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The 2nd International Conference on Social and Political Issues (ICSPI) 2018

Prime Plaza Hotel & Suites, Sanur - Bali

Jalan Hang Tuah no.46, Sanur 80228 Bali, Indonesia
T: +62-361-281781
F: +62-361-289166
E: reservation@sanur.pphotels.com, info@sanur.pphotels.com

Sanur, Bali, ID

October 29, 2018 – October 30, 2018

In recent decades, fundamental challenges to nation-building have emerged in many parts of the world. The Westphalian state-system, whichwas consolidated during the 18th and 19th century and gave birth to hundreds of modern nation states in the 20th century, has been challenged externally as well as internally. In the 21st century, external pressures to nation-building come from globalization and transnational movements that reorientate societies in directions away from the Westpalian system. Concomitantly, nation-state's have to face social breakdowns, cultural dichotomies, financial crises and political tensions. These problems have taken place while the world keeps moving on; we have produced advanced technologies, created more wars, further depleted the environment, and driven the mobilization of people. These complex circumstances have demanded smart state responses and sophisticated governance. When the state fails to respond and govern, nation-building is challenged by identity politics, populism and transnational movements.

Building and protecting the nation and nationhood have become complicated amid rising local, national and regional currents, as well as global issues. These make it challenging for the state to be able to stand as a political entity. This is not only experienced by countries that are socio-culturally and historically diverse, such as Indonesia, but also by countries whose societies are considered to be homogeneous. On one hand, the spread of identity politics has placed diversity -which has been recognized and celebrated- under serious threat. On the other hand, identity politics also condition people, who were originally labeled 'homogeneous', into  different and antagonistic identities. Identity politics is not only used as a tool of interest by primordial-based groups – it is also ideologically and/or interest-based in order to achieve certain political goals. This problem has been paramount in Indonesia and many countries in the world in the last decade.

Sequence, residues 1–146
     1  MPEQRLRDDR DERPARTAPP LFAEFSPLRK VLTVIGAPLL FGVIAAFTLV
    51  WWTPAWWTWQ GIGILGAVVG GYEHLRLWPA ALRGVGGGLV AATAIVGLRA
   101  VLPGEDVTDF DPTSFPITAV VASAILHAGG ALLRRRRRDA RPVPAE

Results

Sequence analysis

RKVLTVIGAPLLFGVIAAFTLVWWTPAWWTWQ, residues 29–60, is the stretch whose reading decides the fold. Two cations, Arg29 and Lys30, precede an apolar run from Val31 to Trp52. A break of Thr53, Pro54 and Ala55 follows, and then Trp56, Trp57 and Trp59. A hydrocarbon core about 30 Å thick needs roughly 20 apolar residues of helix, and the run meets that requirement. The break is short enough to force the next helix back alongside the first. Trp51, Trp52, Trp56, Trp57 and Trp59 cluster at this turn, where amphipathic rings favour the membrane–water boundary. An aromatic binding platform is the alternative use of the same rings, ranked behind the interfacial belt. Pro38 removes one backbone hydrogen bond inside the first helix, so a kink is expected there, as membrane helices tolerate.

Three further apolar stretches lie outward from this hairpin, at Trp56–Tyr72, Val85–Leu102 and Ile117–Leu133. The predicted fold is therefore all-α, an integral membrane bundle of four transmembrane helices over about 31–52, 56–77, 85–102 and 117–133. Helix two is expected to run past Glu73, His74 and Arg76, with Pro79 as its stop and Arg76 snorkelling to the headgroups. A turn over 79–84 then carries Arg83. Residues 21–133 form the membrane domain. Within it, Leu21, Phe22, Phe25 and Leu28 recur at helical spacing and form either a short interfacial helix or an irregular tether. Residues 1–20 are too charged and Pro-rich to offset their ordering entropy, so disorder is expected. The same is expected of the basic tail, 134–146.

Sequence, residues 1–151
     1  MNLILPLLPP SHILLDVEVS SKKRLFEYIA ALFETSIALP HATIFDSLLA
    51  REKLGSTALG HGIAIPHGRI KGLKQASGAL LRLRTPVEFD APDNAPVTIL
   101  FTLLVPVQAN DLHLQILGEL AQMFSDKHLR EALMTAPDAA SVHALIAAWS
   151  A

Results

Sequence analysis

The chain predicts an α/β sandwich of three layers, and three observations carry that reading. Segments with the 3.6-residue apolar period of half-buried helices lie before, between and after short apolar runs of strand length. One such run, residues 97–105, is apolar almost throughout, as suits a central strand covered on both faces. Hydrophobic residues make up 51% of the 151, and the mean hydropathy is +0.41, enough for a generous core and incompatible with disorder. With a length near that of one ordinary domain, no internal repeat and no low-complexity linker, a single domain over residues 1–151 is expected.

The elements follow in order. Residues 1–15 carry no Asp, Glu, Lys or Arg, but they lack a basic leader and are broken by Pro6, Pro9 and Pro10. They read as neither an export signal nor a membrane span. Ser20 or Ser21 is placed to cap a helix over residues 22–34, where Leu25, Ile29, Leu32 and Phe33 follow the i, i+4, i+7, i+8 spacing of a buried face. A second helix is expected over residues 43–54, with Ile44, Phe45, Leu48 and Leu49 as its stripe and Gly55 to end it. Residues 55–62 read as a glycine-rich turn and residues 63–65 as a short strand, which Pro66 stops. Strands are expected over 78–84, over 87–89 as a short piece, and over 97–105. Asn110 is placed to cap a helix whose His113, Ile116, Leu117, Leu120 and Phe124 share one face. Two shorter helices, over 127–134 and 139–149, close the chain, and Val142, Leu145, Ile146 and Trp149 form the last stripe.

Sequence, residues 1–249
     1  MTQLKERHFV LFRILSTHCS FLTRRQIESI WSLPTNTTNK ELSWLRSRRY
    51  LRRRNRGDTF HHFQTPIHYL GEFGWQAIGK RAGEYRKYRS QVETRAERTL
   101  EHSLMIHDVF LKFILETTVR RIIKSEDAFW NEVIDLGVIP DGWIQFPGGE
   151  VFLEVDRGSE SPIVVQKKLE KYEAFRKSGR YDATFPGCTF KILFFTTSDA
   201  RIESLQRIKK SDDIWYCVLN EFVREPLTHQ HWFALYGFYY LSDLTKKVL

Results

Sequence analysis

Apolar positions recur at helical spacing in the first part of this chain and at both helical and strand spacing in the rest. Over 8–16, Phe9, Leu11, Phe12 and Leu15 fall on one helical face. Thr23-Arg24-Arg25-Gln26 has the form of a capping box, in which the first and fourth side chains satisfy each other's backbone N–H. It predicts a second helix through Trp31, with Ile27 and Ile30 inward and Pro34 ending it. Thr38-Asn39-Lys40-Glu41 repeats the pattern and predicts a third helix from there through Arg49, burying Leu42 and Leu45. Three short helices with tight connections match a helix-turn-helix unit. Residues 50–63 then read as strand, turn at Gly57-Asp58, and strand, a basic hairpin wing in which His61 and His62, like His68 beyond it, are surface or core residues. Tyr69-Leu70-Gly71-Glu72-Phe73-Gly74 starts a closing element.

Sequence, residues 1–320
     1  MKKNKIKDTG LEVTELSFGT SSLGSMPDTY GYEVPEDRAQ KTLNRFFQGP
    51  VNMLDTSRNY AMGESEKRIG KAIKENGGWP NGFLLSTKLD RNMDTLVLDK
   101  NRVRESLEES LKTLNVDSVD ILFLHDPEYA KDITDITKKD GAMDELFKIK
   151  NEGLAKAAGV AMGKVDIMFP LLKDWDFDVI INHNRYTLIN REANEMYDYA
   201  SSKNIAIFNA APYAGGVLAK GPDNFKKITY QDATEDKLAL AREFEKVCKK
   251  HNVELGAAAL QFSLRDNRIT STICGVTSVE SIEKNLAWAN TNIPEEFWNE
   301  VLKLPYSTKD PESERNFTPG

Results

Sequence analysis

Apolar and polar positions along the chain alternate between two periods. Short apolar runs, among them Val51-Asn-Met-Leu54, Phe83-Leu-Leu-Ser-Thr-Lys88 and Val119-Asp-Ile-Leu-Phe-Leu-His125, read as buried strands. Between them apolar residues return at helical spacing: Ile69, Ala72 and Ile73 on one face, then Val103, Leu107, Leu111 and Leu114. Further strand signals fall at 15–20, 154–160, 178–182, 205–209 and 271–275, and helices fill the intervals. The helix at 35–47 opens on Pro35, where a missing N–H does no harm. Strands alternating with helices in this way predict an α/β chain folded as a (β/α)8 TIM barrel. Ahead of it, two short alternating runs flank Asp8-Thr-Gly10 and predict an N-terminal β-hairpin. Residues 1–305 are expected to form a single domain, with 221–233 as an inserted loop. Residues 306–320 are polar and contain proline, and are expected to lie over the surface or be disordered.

It is generally known that nationalism constitutes a single concept that has many meanings. As a concept, nationalism is basically the result of social construction, which is open to reconstruction and even deconstruction. Nationalism may evolve into two forms - moderate and radical. The former is based on the principle that the interests of the state are the most important and that loyalty lies beyond primordial-based groups. The latter aspires to subordinate other nations (through chauvinism, which may grow to become ethno-nationalism). The on-going process of construction, reconstruction or deconstruction of nationalism can lead to ethno-nationalism, whereby identity politics and populism take place.

Identity politics have been facilitated by the wide-spread utilization of  social media, which has the ability to shape public opinion and mobilize mass campaigns. Thus, the advancement of communication technology poses dual functions in political processes - to enhance political developments by enhancing transparency and public participation, and to create democratic drawbacks by spreading hoaxes and fake news for political purposes. While these phenomena might take place in countries undergoing democratic transitions, mature democracies also experience similar political processes as they face financial hardships and influxes of migrants. For social scientists, these problems open up space for debate and further research.

The complexity of socio-cultural, political and economic circumstances have strengthened the  role of science in overcoming local, national, regional and global problems. Scientific research is required to identify a wide variety of solutions to societal problems, which no longer relate solely to a particular discipline, but are multi- and trans-disciplinary. In addition, recent research has changed the traditional role of academia, demanding more collaboration in the production of science, not only among universities, but also among researchers, social activists/practioners and policymakers.